Ethylglucuronide
 
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Ethylglucuronide Abbrevation: EtG. Ethylglucuronid emerges as a metabolic product of ethanol and "activated" Glururonic Acid (Uridine-5'-diphospho-β-glucuronic acid), and was first found in 1967 in human urine. It is only formed in the liver in presence of ethanol as a direct alcohol metabolite in an amount of 0.02 per cent. The possible time of detection in urine with approximately 80-120 hours resp. 24-36 hours in serum is relatively long. The determination of EtG has forensic importance as a marker for alcohol relapses after a withdrawal, and for cases of re-issuance of the driving license. The Cut-off is currently at 0.5 ng/ml for serum and 1.0 ng/ml for urine samples.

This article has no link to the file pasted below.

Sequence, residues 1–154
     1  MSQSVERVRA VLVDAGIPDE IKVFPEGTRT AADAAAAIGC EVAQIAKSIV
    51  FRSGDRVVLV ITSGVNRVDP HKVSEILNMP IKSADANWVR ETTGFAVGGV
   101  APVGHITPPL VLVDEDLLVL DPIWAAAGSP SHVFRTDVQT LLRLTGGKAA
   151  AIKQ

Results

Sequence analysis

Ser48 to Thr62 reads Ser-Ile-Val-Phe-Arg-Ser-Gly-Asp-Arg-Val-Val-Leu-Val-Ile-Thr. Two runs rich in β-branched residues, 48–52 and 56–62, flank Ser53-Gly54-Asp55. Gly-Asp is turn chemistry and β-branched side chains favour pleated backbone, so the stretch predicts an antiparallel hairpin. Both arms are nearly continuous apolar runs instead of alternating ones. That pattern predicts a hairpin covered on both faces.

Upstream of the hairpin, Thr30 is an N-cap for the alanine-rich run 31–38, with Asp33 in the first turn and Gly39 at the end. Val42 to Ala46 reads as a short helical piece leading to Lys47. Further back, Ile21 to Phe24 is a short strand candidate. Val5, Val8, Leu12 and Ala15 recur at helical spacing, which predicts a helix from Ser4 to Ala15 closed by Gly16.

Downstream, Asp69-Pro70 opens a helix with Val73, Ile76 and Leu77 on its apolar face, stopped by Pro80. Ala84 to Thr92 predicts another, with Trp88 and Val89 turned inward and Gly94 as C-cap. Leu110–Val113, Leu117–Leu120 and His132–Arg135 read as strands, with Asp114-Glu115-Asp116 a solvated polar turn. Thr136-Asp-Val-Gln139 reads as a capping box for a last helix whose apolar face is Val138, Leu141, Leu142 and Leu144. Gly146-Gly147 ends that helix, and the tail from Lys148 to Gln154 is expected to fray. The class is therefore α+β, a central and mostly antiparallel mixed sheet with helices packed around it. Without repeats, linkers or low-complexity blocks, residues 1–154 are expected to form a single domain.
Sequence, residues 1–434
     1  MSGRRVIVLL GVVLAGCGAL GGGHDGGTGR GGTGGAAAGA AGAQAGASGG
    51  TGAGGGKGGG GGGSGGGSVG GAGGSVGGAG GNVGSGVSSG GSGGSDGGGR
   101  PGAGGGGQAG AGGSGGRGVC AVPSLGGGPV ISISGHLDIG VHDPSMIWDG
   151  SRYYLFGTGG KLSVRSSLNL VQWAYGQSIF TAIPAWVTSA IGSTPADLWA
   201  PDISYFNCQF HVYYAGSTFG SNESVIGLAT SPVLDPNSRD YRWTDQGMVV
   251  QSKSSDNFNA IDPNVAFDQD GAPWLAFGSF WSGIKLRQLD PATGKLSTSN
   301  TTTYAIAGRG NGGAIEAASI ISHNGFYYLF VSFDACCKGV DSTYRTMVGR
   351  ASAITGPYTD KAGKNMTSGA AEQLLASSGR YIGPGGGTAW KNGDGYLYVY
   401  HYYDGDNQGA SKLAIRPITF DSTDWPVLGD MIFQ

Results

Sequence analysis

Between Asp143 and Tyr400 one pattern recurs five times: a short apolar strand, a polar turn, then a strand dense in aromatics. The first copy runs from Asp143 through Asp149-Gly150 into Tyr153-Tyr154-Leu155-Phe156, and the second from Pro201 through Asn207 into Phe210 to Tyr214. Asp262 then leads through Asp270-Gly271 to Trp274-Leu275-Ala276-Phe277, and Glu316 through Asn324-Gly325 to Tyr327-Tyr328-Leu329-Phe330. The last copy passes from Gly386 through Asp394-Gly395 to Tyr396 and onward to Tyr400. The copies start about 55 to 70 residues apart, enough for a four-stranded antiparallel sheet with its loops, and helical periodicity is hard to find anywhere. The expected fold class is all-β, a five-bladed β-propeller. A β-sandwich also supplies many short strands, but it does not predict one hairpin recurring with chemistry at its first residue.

Currently, several institutions worked on the detection of EtG in hair specimens as a long-time alcohol marker in order to get informations about the alcohol comsumption of the last months (1 cm hair length respond to one month). The cut-off will be further discussed and is currently set by the most institutes at 25 to 30 pg/mg hair sample.

Quantitative determination of EtG is done by GC/MS or ELISA (hair: LC/MS/MS) as Trimethylsilylether (fragment ions: 160,261,405) with d5-Ethylglucuronide as an internal standard.

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Last Update: 10/29/2010 - IMPRINT - FAQ